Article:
The combination black pants/white shirt can likewise be fatal. Not when travelling but when going to Italian restaurants. In a Pizzeria in Basel I tried to get the attention of the waiter who hurried once again past our table ("Hey, you, sorry, but could we please order !?" I shouted impatiently). "I'm a guest here", the guy retorted, not very pleased. I could easily see why: Contrary to the waiters who all sported some red flower bouquet around their neck he actually wore a black tie.

Sunday, 14 December 2008

O Tempo Brasileiro

Dura duas horas a viagem para Porto Alegre, verdade?
Eh, duas horas. Sai daqui as onze e vai chegar em Porto Alegre a uma e meia.

Friday, 12 December 2008

Having a ball in Santa Cruz do Sul

Two days ago, Reinaldo attended his last conversational English class in Santa Cruz do Sul. As usual, we talked about anything and everything, from corruption to the ways of perception, from travels to how best live your life. He enjoyed my classes a lot and thought them interesting, stimulating, and helpful, he said. He wasn't however too sure whether his English had improved, he laughed. Well, to be honest, it hasn't, I laughed back.

Reinaldo is in his fifties (I suppose - I've never asked him) and works in tourism. He's been around, from Bariloche to China, and often missed his private class with me. Whenever he managed to attend, we had a ball. Among other things, I learned what a truly special place Easter Island is and that I really need to visit this fabulous hotel in the jungle near Manaus.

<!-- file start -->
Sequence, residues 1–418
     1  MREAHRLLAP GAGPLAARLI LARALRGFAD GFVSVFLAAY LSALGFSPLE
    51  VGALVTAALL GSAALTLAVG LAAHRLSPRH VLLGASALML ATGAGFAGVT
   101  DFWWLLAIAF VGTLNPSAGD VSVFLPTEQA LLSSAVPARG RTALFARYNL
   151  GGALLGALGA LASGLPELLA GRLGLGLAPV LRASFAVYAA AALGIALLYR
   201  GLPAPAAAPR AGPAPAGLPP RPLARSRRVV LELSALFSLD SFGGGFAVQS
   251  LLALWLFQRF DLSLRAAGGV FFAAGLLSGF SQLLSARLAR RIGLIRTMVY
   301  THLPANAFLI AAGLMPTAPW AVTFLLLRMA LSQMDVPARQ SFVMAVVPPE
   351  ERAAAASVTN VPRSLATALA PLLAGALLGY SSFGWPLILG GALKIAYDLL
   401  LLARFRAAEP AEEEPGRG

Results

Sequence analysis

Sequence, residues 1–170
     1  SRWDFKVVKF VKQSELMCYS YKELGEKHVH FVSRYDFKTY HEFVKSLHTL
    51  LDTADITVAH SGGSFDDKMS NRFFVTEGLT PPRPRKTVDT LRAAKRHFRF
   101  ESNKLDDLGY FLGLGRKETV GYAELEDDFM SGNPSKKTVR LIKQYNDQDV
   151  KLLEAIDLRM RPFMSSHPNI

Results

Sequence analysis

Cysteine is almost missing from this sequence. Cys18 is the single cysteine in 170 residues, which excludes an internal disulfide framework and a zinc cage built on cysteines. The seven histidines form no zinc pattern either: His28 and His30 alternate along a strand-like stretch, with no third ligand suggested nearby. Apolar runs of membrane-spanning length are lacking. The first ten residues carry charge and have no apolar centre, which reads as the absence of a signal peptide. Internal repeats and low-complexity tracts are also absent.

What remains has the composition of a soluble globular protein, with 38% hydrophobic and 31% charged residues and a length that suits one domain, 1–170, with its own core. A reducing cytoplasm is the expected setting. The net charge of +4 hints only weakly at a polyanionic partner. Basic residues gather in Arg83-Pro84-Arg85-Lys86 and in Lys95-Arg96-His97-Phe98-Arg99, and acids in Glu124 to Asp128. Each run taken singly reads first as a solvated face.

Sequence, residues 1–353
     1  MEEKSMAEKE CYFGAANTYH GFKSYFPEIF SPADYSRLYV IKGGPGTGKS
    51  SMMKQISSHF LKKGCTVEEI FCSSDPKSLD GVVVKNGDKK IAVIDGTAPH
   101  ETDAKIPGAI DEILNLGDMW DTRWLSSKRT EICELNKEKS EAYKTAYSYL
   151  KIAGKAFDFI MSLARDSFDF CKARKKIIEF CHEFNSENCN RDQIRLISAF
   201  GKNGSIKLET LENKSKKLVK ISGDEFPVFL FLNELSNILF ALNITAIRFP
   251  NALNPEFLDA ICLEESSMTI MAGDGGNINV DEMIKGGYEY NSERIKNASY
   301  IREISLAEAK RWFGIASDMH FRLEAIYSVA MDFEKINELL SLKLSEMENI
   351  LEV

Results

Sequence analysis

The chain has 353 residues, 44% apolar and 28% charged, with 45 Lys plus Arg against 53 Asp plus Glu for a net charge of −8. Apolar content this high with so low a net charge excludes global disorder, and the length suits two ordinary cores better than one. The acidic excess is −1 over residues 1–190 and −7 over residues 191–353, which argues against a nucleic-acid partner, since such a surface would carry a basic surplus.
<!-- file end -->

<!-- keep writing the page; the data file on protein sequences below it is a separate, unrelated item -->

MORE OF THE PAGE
One day, he told me of a trip to Ireland, Wales, and England, that he had organised. "How was it?" I inquired. "Very good" he said. "We (a group of Brazilian males) went to see the Guinness Brewery in Dublin." "Any other places that you visited?" "Yes, Wales was fantastic, beautiful mountains and snow". "Snowdonia?" "Yes, and Liverpool, the Cavern Club, where the Beatles played. Unfortunately, I do not remember much of the rest of the trip. We had a lot of beer at that brewery" he laughed.

Reinaldo likes dogs. When the labrador at the school gave birth ("dar a luz" is the wonderfully poetic Portuguese expression for "giving birth"), he inquired whether it was possible to have one of them. "I once had a labrador, you know. At least I thought so. And the one who sold it to me thought so too. Although I was repeatedly told over the years that this dog was by no means a labrador but some bastard I insisted that it was a labrador for I had payed 300 Reais. One day, however, the guy, who had sold the dog to me came to visit and asked after the labrador. When I proudly pointed to the dog sitting next to me, the guy said: "This is not a labrador". Well, I wasn't exactly happy about that."

"In what language do you dream?" I asked him one day. "Women", he laughed.

Wednesday, 10 December 2008

North American Exceptionalism

From time to time, an email from Trevor, a PhD-candidate at La Trobe University in Melbourne, reaches me. In a recent one he wrote:
"A few books I will have to get are described here:" which made me go to the Bruce Bawer site that quoted the American writer Anne Applebaum who, according to Bawer, "spells out an important point for British readers:"

"Here is something that may be hard for foreigners to understand: Americans desperately want to believe that their country stands for fairness, for equality, for democracy. They especially want to believe this at times like the present, when there is a good deal of evidence to the contrary. After the disasters and embarrassments of the past few years - the mistakes made in Iraq and Guantánamo, the terrible financial crisis, the embarrassment of Hurricane Katrina - a vote for Obama allowed Americans to believe, once again, that the United States is still a virtuous nation. It's not just about being liked abroad, though being liked is nice: it's about being certain that we still are, as we have often told ourselves, an example to other nations, a "city on a hill"."